Grocery stores have a plan to get back to normal
Grocery stores have a plan to get back to normal
23:44

Grocery stores have a plan to get back to normal

Wellness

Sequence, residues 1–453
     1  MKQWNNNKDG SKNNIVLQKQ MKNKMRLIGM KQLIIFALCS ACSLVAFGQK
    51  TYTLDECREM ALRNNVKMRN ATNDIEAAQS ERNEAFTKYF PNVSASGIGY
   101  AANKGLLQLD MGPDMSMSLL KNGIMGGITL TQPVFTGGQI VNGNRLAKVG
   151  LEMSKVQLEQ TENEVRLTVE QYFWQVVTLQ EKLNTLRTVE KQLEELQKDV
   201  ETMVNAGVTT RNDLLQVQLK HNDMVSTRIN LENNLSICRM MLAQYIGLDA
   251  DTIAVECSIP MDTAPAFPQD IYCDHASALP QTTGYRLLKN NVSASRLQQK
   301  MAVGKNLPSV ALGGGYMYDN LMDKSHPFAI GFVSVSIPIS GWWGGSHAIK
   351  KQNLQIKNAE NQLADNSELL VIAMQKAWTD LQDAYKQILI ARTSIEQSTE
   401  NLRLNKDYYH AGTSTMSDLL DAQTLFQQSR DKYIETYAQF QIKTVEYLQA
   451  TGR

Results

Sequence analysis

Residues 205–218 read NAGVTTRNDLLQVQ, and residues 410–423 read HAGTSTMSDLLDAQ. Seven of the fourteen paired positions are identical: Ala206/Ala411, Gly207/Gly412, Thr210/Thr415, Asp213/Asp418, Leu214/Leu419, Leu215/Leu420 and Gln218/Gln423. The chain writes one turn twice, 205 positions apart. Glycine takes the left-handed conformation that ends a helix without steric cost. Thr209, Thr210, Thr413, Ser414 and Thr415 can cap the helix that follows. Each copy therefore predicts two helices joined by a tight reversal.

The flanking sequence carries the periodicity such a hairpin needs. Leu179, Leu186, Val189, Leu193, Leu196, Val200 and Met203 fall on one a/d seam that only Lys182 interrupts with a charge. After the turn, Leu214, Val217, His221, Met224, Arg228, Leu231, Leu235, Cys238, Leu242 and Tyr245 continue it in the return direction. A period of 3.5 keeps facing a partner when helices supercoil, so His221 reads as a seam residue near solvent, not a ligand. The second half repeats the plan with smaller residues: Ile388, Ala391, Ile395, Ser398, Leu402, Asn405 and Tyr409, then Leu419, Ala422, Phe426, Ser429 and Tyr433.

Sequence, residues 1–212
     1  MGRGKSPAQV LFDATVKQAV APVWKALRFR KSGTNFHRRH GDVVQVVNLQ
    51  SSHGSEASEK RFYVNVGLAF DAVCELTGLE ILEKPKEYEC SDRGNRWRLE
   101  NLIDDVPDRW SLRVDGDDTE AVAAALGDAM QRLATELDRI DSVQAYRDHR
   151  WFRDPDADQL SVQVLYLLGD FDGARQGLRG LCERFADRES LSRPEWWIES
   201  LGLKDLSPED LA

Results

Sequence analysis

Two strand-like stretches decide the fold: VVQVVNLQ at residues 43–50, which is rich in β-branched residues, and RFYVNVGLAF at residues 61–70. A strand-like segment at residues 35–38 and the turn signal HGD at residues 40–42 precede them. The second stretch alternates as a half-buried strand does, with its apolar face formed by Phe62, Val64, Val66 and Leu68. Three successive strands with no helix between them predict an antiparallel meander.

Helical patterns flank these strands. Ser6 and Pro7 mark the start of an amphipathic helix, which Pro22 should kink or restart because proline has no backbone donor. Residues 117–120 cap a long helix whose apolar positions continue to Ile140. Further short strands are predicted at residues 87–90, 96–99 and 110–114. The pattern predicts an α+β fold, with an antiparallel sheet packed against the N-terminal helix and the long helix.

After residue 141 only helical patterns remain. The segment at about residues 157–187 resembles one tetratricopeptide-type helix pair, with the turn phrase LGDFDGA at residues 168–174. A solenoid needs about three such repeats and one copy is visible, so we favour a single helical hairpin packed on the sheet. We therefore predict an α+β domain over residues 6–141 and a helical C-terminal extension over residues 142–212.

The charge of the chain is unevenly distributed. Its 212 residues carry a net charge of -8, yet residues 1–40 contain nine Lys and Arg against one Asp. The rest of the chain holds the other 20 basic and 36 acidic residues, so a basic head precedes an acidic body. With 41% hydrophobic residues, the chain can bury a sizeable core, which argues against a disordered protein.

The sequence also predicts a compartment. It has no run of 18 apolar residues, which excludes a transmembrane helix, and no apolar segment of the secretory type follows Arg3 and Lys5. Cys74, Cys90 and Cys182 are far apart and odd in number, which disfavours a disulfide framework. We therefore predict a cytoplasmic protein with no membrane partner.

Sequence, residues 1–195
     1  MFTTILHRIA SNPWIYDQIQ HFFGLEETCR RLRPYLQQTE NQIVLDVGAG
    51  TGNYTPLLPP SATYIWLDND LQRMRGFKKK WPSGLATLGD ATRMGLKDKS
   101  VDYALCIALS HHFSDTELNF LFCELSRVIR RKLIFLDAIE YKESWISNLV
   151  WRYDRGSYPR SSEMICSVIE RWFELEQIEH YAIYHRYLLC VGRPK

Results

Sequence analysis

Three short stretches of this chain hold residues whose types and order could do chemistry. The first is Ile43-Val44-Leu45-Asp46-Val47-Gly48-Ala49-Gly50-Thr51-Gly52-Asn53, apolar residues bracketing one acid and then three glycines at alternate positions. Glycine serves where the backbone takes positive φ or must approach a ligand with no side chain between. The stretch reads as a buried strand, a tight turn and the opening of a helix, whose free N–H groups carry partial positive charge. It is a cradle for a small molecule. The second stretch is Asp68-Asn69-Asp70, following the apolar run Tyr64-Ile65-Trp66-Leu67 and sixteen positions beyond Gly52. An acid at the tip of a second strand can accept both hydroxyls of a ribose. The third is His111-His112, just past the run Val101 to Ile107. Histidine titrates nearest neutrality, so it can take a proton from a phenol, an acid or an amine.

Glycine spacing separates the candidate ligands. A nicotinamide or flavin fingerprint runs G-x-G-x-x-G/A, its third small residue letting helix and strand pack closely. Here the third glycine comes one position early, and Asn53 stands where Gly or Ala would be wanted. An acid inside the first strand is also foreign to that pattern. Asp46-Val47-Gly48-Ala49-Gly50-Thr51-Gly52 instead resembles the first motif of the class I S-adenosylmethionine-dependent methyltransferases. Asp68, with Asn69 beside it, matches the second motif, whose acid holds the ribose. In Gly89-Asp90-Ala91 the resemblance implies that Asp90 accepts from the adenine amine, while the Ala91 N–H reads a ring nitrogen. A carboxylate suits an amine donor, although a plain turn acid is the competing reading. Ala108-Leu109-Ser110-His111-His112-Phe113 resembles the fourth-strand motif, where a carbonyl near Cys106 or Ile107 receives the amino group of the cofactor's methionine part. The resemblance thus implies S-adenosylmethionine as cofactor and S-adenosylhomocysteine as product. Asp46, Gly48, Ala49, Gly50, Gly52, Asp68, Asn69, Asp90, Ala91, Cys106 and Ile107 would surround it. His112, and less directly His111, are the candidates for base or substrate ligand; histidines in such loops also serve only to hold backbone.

Well for the last 70 years or so you could walk into your local supermarket and find an ample supply of fresh food, packaged food, paper goods, cleaning supplies, beverages of all kinds. Then all of a sudden something changed. This pandemic came along and turned a lot of things upside down. Consumers started hoarding things. Grocery and supermarket operators were suddenly faced with kind of a mega holiday season but without any warning at all, and a lot of their suppliers got all kinked and crimped. Because of shutdowns and issues with logistics and pipelines of moving things got clogged. Suddenly, some days it could feel a bit like shopping in the Soviet Union. Now what. [SOUND] Joining me now are a couple of guys who should absolutely know what's going on and where things will be going. Michael Brown is managing editor of supermarket news pretty much to the viable of the supermarket industry as I am As I see it, it's an organization that I follow for news and information about that vertical and Doug Baker is VP of industry relations with the FMI, the Food Industry Association, the FMI part star stands for Food Marketing Institute. And that marketing part is going to be an important part of our discussion as we go forward. Michael, let me start with you. What's going on in your newsroom at Supermarket News? What is topic number one that you guys are keeping an eye on right now as we are rounding the corner into May as you watch the supermarket business? Thanks, Brian, I'm glad to be here. What we're seeing is retailers are looking out to sort of like what's next because they feel like March had that explosion and supply issues there. And now that April kind of settled down too it's still very high, volume is very high. But, I think it was Ronnie McMillan last week from Kroger who was saying that was phase one and phase two. We're looking at phase three and we're not sure what that's going to be. How long is this sales volume increase gonna be sustainable? Will there be more of the outages and hoarding that we've seen, because in different categories now? March was all about paper goods and cleaning And then sort of move to the food side of things. The question is kind of what's what's next put what's gonna be the next category that that customer is going to have difficult getting a hands on. Certainly meat I think has come up and we'll probably talk about that a little bit. Yeah. So it sounds a little bit like your, your store audience is a little bit waiting for another shoe to drop. Hopefully not for a shoe to drop, maybe things actually get better. Just get to get better news. You know the businesses are open, they're busy that they're having some of the best sales I've had in years, but. Trying to figure out what to stock and how to store your higher labor. Just things like that. You can't plan around what's going on right now. It's interesting because as you point out, sales are very high because we're flocking to stores to let's face it hoarding is the right word or at least shopping more frequently to try and pick that moment. When that thing that's out might be in it's a little bit of a treasure hunt. And yet it doesn't certainly feel like a good time for the it's not a good time for any industry. So What a strange dichotomy that seems like?>>Yeah, it's, you know, their priorities are safety supply it's not a Good time for the smart business just because those challenges but yes sales are absolutely sky high and it's just you know it is a dichotomy and how long will that last? You know, I mean let's the hoarding and all the essentials people have that stuff now they've bought that stuff. Will there be some kind of flattening Have volume of sales volume, but it'll still be slightly higher because people are home and they're shopping and they're shopping for home consumables. Yeah. Now, Doug, you're focused on the food side of the equation FMI the food industry association. As I mentioned earlier, the M in there is food Marketing Institute and tell me what kind of a marketing job lies ahead for food vendors for the food retail sector. What do they have to reposition? What do they have to retell as a story as we start to come out of this strange time? Yeah, there's some shifting shopping behaviors that are going on. And I think one of the things that grocers are really good at is being the center of their community and you can say they're at their best when the community needs them. The most. And so continuing to ensure their communities that they're for them, I think is going to be extremely important. And what that means is a little bit different today than what it meant two months ago. It's having consistent supply. It's having those measures in place inside of the store that both give them and the associates. Safety that they need that comfort level they need that when they're in the store, that they're also safe in that store. And so, you know as, as states come out of their, out of their shelter and place orders, how to, how do stores continue to work within those environments. Will we continue to see the sneeze guard stay up and very much likely we probably will. Full service cases are those now going to become grab and go cases. Most definitely they will for a while until we continue to see where we go with this thing. [INAUDIBLE] And then also the mention about e-commerce. You know that is a very different shop than going into the store. When I'm in the store it's an experience. I'm probably doing a lot of impulse buying. And when I'm online it's a very purposeful shop. So as more business moves in April was online was even better than March sales. There needs to be a different type of relationship between the retailer and the consumer online than there typically is in store. So they're going to have to think about that and they're going to have to think about it. How do we get those windows filled when people are using the online platform? You can see that windows are going out about seven days right now before you can get an available window, in some cases, to place your order. And so what kinds of technology and automation are needed, and what Kind of reformatting of the stores required in order to be able to fill more of those orders because right now they're being picked from the same shelves that you're picking from when you're in the store in most cases That's interesting cuz that echoes something that worked really well for [UNKNOWN] the restaurant chain who we'll be talking to tomorrow, on connected to the pandemic they started to build a second make line in their restaurant. So digitals made on one counter and walk-in is made on another counter. Turns out to been a really good move although they couldn't've predicted why. Is there something like that, that needs to happen at grocery locations or is that a warehouse thing? Yes. So, interestingly, retailers were testing what is called micro fullfilment before Covid19 And basically what micro fulfillment is if you think about a large warehouse that is moving full cases of product, this is a much smaller version of that. So it can be anywhere from 1000 square feet to 20,000 square feet. And many of these can be extra place right inside the the retail grocery store. So you could be shopping your perishable products while the self table products are being picked in a micro center in the back of the store at the same exert time. The benefit of that is typically right now it takes about an hour to an hour to 20 minutes for a human to pick that order for you So instacart going into a store, it's gonna take about an hour for instacart to pick that order in that store. But if you can get it through a micro fulfillment activity, you can reduce that pick time down to about six, four to six minutes, which really expands on them windows that are available to the to the public to place those orders. That's a huge efficiency gain. That's a big one. I didn't know about that kind of differentiation and trend you're talking about. Another differentiation is we always see our offline versus online. There's always the word versus in there, regardless of the industry but particularly in this one. Is it really a versus or, Michael, is this offline online really more of a slash that most Of the supermarket chains out there can excel at both>>Yeah, I think that we're certainly seeing it become more of that. Yeah people today now are doing both shops they're doing their online stock of shopping but because they can't get slots or they're out of stuff is frequency of out of stocks. To actually getting up and going to the store and doing stack ups, and that they are comfortable with both are getting a lot more comfortable with online. I think [INAUDIBLE] were like I think 25 to 30% of online shoppers last month were first time online shoppers or something that high. Yeah, [INAUDIBLE] Sort of Yeah. People are being introduced to it. And I think they're gonna continue to use both. Like you said it's a different kind of shopping experience for each. And people still need to go to the store to do the experience of it and buy the things they made it not on their mind when they were filling out the online. So, What is your hunch about how this is being divvied up? If I'm going and doing more online in addition to my in store? Am I doing it with the same brand of supermarket or vendor? Or am I going and adding it online from someone else? That's obviously what Jeff Bezos wants to capture and Walmart wants to even capture from maybe more tradit more straight, more straightforward supermarket chains. People staying vertical or are they going a little more horizontal with their online offline?. I think that there's a little more flexibility because You know you can choose more from online you have more options but I can't get a slot with these guys. Let me try these guys. So, you know you're I don't think there's as much loyalty on the online side as there is in the store experience on the store side Do you have any thoughts about how supermarkets and food grocery chains can increase that loyalty to keep that more vertical?. Where am I in store and my online is with the same vendor?. Yeah, absolutely. I do prior to the recession in 2008, 2009 private brands was somewhat of an afterthought. And through that recession, private brands is really sort of become a much more acceptable brand in homes. And it is a way for retailers to differentiate. So as they do differentiate in store with private brands and their service departments, the same brands that they own that they put on their e commerce site and that consumers Trust more than ever 99% of homes now have a private brand in the pantry. That's also a way for that retailer to keep them engaged in their e commerce platform is to continue to grow their own private brand and and get the customer the attributes in the, in the items that they need the most and want the most and then put those in an online format and that will continue to. Drive that differentiation and ultimately, loyalty. Do you think that, and just for our viewers, private brands or things like 365 and Whole Foods or I guess, signature at Safeway? Do you think that those got a bigger presence because they got more premium or more exciting or did we as consumers get thriftier and a little more aware that staples or staples? It started off with thrifty, right? If you think about the recession of 2008, people were looking for ways to stretch their dollar, rightfully sold and so there was trial and error, and a lot of that trial, and a lot of that acceptance has allowed retailers. To sort of recreate the boundaries of what they do with their private brand program in the early 2000s. In the 90s and 80s. It was always about following the national brand and move through that consumer acceptance. Retailers were now given permission to actually experiment. And what it's done is it's it's allowed them to expand their their private brand portfolios across the store and into departments. And really get creative on what they do. The other thing is that we have a couple of new generations that are out there shopping now and they can grow up with the brand the way we did and our parents did. So there is a little less loyalty there in the first place and they are really focused on what does the brand do for me and how does the brand live within society with me and so Any brand has the ability to win a customer if they can answer those questions.>> Let's turn to an area that typically doesn't have a brand and that is the meat counter at a grocery store. It's an unbranded area that is of that stores as we perceive it as consumers anyway, of that stores production they presented. It's in there rappers. If there's a meat shortage coming as we understand the president putting it into kind of a required production mode. What does that do to other sales around the supermarket because I know that a lot of people will buy something from the meat counter and then go shopping for all the stuff that goes with that center of the plate item. Michael, how important is there is this Fallout idea from a potential meat shortage? Well, the fallout would be huge, but we're not quite there yet and we're gonna hope that that doesn't happen. But, what do you see I guess is other categories stepping up. Central store packaged foods, frozen Areas outside of the meat counter where people can do the sort of meal replacement. I have a little more faith that the [UNKNOWN] category is not going to go away as dramatically as we're looking right now. There will be shortages it but I don't think we're going to have the, I don't know it just sounded very dramatic the last couple of days about the meat shortages and what I fear is that that's going to cause some of the hoarding and stuff that we've seen. Yeah. Previous so I, what my my advice right now is to calm down they'll be mute for a while Okay, you're not foreseeing the Soviet era isles that I. [LAUGH] No, I think they'll be panic bomb. Yeah. And then, there will be shortages. I've just I just think that it's you know i think that we're in a place where with there's some things in cold storage its distribution things that they can do that can sort of, Is that painless? And you mentioned as you're mentioning logistics there it's a good time to to ask you Doug about this matching program that you guys that your organization have done with the International Food Service distributors Association, which is one of those names I like it actually tells me what it is. What is this matching program you're doing to try and I guess clear the pipes to get things where they need to be Yeah so early on when the food service sector was asked to close or reduce their service and grocery was unprecedentedly growing. There was an opportunity for us and we reached out to if the the International Food Service distributors association to create a partnership. And knowing that when you manufacture an item, they're they're very two very different processes. Manufacturing for retail is very different than the way you would package a manufacturer for a food service restaurant. So what we wanted to do though, is we wanted to be able to identify those, those elements, those resources. That we can redeploy into grocery retail. And with some work with the FDA and USDA getting some waivers on the way some of the stuff is packaged and shared within a retail environment versus a food service environment, we were able to create this partnership and it's really a fillable form. We had to move fast. So technology didn't play a big role in this. But it allows food service distributors to fill out this form and share what resources they have available and that could be food. It could be people, it could be trucking equipment. It could be even capacity in their warehouse. On the other side on the retail side, they're filling out what is it that they need, you know, it's I need fluid milk I need I need protein products?. I need canned goods, whatever that is. And then what basically FMI and if they did is we just did matchmaking and we connected the two companies together. They created a working relationship did their negotiations separately and then they went on about their business. And it's been pretty successful as you've seen Kroger is Has created a relationship with Cisco and we've had some other retailers that have created relationships with other food service providers like PFG and then down in Carolina. MBI has a relationship now. So it's been helpful. It probably the idea of it wasn't so foolproof for silver bullet that people didn't still see some of the things that they're seeing in the press with some of the challenges that farmers are having getting some of their inventory going. But what it did do is it allowed us to move the inventory through the food service division, but it also allowed people to stay and continue to work at those foodservice distributors location. That's an interesting benefit. Yeah, Yeah.>> I think we've given our viewers a pretty good idea of some of the inside minutiae of what makes the issues at the store that they see as consumers. Let's finish up now with a couple of thoughts I want to ask you about. One of the hotter technologies out there that is really forward looking is these touchless check-outs, like Amazon pioneered, but some other companies offer it as well. So you can come and go without touching anything except the products you're taking home. Is that being only Oversold Michael, as an important new technology or do you think touchless checkout really is gonna get a lot of attention? Yeah I think it's gonna get a lot of attention certainly now with what's going on now I think it boards well for that kind of contactless touch and go just, you know, payment You know Amazon goes in getting a lot of media about it but it and I think they just opened supermarket now in Seattle, it's supermarket sized version of Amazon go. So they're trying to scale it up. That kind of happened right before the whole pandemic thing. So you've got lost in that news, but they are looking to scale that sort of system up and, Believe it's a hope Dale Hayes who is that they're also doing that kind of thing, but they want to do it and sell it to other retailers. And so that's a retailer who's looking to. Yeah. Sell technology to other retailers. So yeah, I think it's definitely it's not a flash in the pan and it's certainly something that after this, Challenge we're gonna see a lot more of.>> Okay, it fits in that category of a number of other technologies and suddenly just took off including the one we're on right now video teleconferencing, which was kind of niche compared to the way it is. Right now. Let me start finish up on both you guys. We'll start with you, Doug. What should we be watching for as consumers in the next month, we're coming into May as of our taping today. What should we be watching for to see how our food vendor, our grocery store nearby is doing or changing? What is on the agenda for the next 30 days? Yeah, so, really retailers are focused on, one is providing that safety for their employees and their customers. You're starting to see more and more retailers who are Going mandatory facial covering. And it's partly and mostly because the customers are asking for that. And so it's listening to their customer and trying to get them and make their shopping trip efficient. And comfortable. I think it's also going to be extremely important over the next 30 days to see if we start to see some of the sales demand debate and people start to settle into their new normal, which will allow the supply chains to refill. We had a number of conversations last week with product manufacturers and they're in the process of retooling their manufacturing And some of the categories that were the hardest hit. And so hopefully over the next 30 days, we'll see some of the benefits that come out of that retooling of those manufacturing facilities. And we start to see that inventory become more available whenever we're in the store, and not just when the truck arrives until everybody can grab it and get out of there. So I think the next 30 days is going to be very telling time. But it's also going to be a time for the industry to sort of settle in the public to sort of settle into place into this, this new normal, we're going to be in for a while. I imagine things like one way aisles and clear shields. And as Michael was mentioning, perhaps a greater uptake of cashless go. Those things may be here for a long time, right? Yeah, I would agree. You know, we, when we're in blue sky days, I have the benefit of being a part of a group called the open voice network. And it's a project with MIT. To create an open platform for voice, and so, although micro fulfillment I believe is going to grow I also want to see what happens with voice assistance. My last day in the office, I was hitting the Elevator buttons with my elbow. So how do we, how does voice actually come away from this? We know we've got it and the various technologies with Amazon and Google. But what does that mean in the store? What does that mean for me as a customer and where else can I use voice in order to not have to touch a surface so I think that's gonna be another technology to watch Michael you get the last word what do you guys gonna be watching in the month of May what's on your give us a look a little sneak peek at your your hot buttons on your editorial calendar, anything chicken or trends that we haven't yet discussed that you think are going to be very telling. It's more about I think now just the safety issue honestly. We're getting A lot of feedback about groceries as first responders. I think there's a movement to from the UFCW to sorta have them designated as first responders and getting the same safety allocations as for traditional first responders so that they can have access to PPV masks things like that.>> That's interesting.>> Yeah, it's, it's, it's actually taken off Albertsons Kroger and stop and shop have all signed on with that, you know, they wanted they want to move that. So, you know, the idea I think that is to continue to make customers feel safe in the stores and workers feel safe in the stores. Labor is going to be a big issue. Retailers are looking to hire a lot of people, and you need to guarantee their safety, and the safety of customers in stores. So, I'd say labor an safety going forward. Yeah. It's interesting, I mean the safety message is so, is so key it's come up so many times at the top of mine from both of you guys. So I think that's a big takeaway for us is that we think about grocery and supermarket as grocery and supermarket industry. They are very much in the safety and well being industry right now. Didn't ask for it, but that's a role that they have to get to. As you're pointing out, I mean there's not much more front line after health, than grocery food supermarket and those daily staples. I've been talking to Michael Brown who's managing editor of supermarket news and Doug Baker, who is VP of industry relations for FMI. The Food Industry Association.